Why Everyone Should Be Armed With A Gun In Madison

If everyone carried a gun on their body, once the first shot was fired  in the story below, other bar patrons could have drawn their weapons, and then started shooting at the original gunman.  Since we are told that no one goes to Madison bars anymore since cigarettes can not be smoked, there would have been no chance of anyone else being shot by drunks. 

Seriously, can anyone tell me that concealed weapon laws would make sense?

Madison police reported that they are looking for a man who fired several shots from a handgun inside a popular north-side tavern early Thursday morning, but didn’t injure anyone.

The gunplay happened at Wiggy’s Bar, 1901 Aberg Ave., at about 1:35 a.m.

Witnesses told Madison police it didn’t appear the gunman was aiming at any patrons of the bar.

“He extended his arm toward the entryway of the tavern and shot out a window,” said police spokesman Joel DeSpain.

When police arrived, several people were running from the area. One was detained but it turned out he wasn’t the shooter.

Employees of the tavern told police the gunman had been with several other men, but hadn’t been involved in any disturbance priort to brandishing the weapon.

Churchgoers More Likely To Back Torture

I find this truly upsetting.  As a believer in Christ, I find this unacceptable.  What aspect of Christ’s teachings are not being stressed enough in today’s churches?  How can anyone miss the message?

The more often Americans go to church, the more likely they are to support the torture of suspected terrorists, according to a new analysis.

More than half of people who attend services at least once a week — 54 percent — said the use of torture against suspected terrorists is “often” or “sometimes” justified. Only 42 percent of people who “seldom or never” go to services agreed, according the analysis released Wednesday by the Pew Forum on Religion & Public Life.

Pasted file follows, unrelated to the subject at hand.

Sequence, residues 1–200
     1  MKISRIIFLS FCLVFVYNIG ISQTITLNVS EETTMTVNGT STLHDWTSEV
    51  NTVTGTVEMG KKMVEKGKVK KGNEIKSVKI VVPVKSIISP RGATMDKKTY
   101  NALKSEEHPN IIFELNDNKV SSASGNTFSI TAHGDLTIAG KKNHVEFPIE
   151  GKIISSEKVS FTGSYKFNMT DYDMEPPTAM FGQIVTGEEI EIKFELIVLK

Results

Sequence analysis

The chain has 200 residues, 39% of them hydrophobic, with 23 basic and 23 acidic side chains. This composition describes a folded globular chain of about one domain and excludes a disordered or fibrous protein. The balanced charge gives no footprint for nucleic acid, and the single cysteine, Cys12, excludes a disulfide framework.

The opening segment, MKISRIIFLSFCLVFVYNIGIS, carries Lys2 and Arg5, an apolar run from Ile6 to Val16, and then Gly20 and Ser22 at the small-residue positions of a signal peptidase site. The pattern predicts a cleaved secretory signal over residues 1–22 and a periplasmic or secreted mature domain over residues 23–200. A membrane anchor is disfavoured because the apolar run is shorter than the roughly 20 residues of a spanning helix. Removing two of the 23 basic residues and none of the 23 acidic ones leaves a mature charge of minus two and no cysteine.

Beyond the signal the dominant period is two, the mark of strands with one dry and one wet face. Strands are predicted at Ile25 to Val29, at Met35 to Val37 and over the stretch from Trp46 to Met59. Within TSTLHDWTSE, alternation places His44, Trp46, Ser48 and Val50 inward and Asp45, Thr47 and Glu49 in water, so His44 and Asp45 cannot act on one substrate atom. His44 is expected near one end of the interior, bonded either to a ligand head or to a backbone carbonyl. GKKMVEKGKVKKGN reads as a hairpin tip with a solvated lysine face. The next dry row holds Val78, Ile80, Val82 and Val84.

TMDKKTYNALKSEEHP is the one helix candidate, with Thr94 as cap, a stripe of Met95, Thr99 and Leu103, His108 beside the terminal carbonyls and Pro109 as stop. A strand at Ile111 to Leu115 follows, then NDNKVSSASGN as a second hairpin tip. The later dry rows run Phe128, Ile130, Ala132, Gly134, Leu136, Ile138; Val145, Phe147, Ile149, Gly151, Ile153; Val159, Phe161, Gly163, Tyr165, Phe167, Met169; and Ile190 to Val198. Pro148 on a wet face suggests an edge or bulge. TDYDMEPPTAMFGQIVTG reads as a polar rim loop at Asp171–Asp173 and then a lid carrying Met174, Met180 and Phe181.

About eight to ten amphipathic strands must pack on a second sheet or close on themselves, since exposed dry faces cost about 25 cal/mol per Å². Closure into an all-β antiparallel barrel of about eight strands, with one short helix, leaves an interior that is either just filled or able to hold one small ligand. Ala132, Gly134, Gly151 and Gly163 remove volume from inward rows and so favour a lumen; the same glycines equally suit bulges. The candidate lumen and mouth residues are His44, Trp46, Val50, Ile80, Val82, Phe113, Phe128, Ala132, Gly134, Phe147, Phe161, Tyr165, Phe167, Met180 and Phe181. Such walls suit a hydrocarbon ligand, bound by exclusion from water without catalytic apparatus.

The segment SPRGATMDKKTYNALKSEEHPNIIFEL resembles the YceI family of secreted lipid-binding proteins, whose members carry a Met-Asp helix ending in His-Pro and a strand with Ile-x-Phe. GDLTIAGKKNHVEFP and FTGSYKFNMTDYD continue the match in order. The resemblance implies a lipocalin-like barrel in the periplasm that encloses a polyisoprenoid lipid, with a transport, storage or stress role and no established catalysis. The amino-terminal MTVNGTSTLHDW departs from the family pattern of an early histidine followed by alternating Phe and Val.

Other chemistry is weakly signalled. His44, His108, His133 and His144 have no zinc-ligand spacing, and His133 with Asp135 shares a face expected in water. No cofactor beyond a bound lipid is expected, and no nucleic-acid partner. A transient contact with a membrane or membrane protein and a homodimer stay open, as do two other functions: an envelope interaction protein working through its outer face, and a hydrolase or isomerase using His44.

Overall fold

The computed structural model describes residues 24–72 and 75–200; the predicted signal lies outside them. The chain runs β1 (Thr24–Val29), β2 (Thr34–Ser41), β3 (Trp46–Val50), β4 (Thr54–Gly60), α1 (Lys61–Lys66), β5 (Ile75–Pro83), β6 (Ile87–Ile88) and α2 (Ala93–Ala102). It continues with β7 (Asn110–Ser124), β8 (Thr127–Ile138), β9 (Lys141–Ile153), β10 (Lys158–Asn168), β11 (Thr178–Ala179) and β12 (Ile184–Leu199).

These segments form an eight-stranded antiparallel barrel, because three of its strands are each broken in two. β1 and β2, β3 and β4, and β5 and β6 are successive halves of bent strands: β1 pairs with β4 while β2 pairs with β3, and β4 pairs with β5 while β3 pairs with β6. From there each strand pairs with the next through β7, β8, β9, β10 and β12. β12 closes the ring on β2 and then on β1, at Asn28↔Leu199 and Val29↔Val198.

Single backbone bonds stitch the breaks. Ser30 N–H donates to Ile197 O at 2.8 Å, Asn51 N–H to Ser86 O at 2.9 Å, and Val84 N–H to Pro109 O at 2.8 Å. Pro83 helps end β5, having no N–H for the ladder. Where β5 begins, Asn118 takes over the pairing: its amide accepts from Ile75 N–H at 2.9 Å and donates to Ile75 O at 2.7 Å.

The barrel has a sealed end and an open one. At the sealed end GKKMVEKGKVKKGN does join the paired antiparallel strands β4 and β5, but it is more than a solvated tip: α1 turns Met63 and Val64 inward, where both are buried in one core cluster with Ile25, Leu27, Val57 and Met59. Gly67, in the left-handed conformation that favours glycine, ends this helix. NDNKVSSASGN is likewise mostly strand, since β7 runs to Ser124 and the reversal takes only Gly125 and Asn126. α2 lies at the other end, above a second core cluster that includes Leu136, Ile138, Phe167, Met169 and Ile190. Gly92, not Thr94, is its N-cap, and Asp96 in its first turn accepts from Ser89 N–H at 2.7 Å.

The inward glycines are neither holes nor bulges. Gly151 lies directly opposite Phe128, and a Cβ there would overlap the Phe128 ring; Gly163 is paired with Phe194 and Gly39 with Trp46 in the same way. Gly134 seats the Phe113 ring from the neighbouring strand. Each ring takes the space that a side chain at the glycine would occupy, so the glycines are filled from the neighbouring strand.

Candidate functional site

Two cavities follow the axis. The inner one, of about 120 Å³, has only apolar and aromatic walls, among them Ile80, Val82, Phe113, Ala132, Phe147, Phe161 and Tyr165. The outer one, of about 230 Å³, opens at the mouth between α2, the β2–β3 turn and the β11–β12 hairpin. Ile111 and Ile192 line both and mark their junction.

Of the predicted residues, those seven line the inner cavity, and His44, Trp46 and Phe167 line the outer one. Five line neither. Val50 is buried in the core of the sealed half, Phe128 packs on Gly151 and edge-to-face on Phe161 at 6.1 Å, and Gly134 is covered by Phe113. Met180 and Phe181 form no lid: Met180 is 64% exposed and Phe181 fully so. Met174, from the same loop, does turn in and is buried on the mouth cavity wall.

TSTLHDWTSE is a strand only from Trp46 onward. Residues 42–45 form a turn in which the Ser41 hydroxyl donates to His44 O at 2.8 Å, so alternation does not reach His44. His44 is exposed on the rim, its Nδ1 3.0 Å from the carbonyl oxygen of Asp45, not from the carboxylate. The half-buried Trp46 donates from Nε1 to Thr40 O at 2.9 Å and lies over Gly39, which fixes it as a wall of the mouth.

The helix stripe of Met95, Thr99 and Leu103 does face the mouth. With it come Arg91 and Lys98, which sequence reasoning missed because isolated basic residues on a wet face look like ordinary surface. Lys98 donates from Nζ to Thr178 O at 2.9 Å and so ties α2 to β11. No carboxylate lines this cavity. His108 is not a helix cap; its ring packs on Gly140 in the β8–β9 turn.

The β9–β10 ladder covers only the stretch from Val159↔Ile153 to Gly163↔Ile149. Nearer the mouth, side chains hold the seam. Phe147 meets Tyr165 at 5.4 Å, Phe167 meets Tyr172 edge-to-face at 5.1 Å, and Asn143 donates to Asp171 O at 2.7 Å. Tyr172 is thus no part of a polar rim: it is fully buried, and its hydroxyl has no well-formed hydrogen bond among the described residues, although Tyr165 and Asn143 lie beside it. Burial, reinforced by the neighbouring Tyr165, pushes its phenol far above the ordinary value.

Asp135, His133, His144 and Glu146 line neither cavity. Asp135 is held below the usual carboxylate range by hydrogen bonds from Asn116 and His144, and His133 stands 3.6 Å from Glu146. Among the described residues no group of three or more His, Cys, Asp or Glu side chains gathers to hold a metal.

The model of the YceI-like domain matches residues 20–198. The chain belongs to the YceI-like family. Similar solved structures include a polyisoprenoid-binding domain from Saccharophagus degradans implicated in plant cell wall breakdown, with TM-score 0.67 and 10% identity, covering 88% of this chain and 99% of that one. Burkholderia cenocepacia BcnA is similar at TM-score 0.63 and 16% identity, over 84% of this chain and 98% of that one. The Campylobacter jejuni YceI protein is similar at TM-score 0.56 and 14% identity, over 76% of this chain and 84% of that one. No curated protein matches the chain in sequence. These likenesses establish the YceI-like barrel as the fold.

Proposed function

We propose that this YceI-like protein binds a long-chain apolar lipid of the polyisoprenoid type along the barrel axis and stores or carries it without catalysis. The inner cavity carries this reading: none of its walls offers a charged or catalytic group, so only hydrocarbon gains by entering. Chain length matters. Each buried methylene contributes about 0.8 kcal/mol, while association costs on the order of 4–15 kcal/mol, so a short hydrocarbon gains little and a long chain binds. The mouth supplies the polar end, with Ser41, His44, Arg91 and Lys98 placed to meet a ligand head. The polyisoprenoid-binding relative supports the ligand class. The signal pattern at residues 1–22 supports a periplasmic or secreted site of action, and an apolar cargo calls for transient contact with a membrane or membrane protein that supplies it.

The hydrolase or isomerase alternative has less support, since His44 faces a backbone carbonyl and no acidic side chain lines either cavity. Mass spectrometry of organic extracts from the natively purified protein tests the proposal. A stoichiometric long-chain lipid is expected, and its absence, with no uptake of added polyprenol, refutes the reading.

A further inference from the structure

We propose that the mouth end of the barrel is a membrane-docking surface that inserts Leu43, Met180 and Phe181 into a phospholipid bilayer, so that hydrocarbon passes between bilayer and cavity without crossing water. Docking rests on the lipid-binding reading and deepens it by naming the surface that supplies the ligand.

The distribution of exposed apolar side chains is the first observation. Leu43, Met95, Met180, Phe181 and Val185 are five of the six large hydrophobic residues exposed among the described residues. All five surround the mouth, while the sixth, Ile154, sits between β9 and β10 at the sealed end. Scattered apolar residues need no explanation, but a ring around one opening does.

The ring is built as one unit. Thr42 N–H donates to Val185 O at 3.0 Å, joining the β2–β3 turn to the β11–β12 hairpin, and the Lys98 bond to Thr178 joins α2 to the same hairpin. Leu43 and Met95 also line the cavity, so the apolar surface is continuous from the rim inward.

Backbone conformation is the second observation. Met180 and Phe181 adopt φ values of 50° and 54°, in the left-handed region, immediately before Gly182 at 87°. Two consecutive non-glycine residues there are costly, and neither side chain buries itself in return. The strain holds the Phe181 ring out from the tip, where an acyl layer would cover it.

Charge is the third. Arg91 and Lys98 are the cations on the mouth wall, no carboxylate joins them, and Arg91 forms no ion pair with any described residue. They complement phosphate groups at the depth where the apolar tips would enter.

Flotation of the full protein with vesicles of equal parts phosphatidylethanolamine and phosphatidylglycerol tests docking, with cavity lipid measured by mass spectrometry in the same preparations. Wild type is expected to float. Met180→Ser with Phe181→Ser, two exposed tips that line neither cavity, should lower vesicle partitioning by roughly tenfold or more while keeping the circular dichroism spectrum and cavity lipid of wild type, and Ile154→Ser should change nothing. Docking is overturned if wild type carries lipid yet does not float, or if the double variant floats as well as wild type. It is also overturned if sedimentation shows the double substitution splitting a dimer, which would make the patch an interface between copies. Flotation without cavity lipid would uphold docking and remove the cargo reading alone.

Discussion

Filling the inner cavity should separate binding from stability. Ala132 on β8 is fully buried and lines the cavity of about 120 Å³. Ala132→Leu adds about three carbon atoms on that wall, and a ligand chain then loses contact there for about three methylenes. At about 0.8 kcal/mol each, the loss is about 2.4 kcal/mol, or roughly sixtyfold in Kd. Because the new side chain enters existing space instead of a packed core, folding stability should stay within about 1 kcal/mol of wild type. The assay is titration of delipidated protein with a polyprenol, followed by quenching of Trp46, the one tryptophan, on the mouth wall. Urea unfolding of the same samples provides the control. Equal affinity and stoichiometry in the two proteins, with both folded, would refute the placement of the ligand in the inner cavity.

White evangelical Protestants were the religious group most likely to say torture is often or sometimes justified — more than 6 in 10 supported it. People unaffiliated with any religious organization were least likely to back it. Only 4 in 10 of them did.

The analysis is based on a Pew Research Center survey of 742 American adults conducted April 14-21. It did not include analysis of groups other than white evangelicals, white non-Hispanic Catholics, white mainline Protestants, and the religiously unaffiliated, because the sample size was too small.

Mapping The Swine Flu Outbreak

Another way to look at the swine flu situation on a continuing basis.

Don’t Miss This Sunday Morning’s TV Talk Shows


Senator Arlen Specter will do his first TV interview with ‘Meet the Press,’ live via remote from Philly, then will do ‘Face the Nation.’

Watch Conservatives Defend Hate Crimes


How Low Can The GOP Go? Watch What Rep. Virginia Foxx Says About Matthew Shepard’s Murder

To say that this is one of the most dreadful things I have heard in some time would be saying a lot.  

And yet that is exactly what I feel right now.

I am stunned.  I am outraged.  I am sickened by this prig called Rep. Virginia Foxx.   Where do these relics of the past live that their heads are so shoved up their own asses that they never see the light of day?  Who votes for these type of people to represent them?  Bet you anything that Congresswoman Foxx sits like a pious pillar on Sundays in church.  Self-righteous wench.  I would guess that the gray-haired harridan has never been threatened by anyone based on her sexuality, or her perceived sexuality.

In the end intelligent minds prevailed in the House.

The Democratic-led U.S. House of Representatives Wednesday, on a vote of 249-175,  approved an expansion of federal “hate crime” laws — an effort that former Republican President George W. Bush had opposed.

North Carolina Republican Rep. Virginia Foxx  is questioning whether the 1998 murder of Matthew Shepard, a 21-year-old gay University of Wyoming student, was a bias attack motivated by his sexual orientation.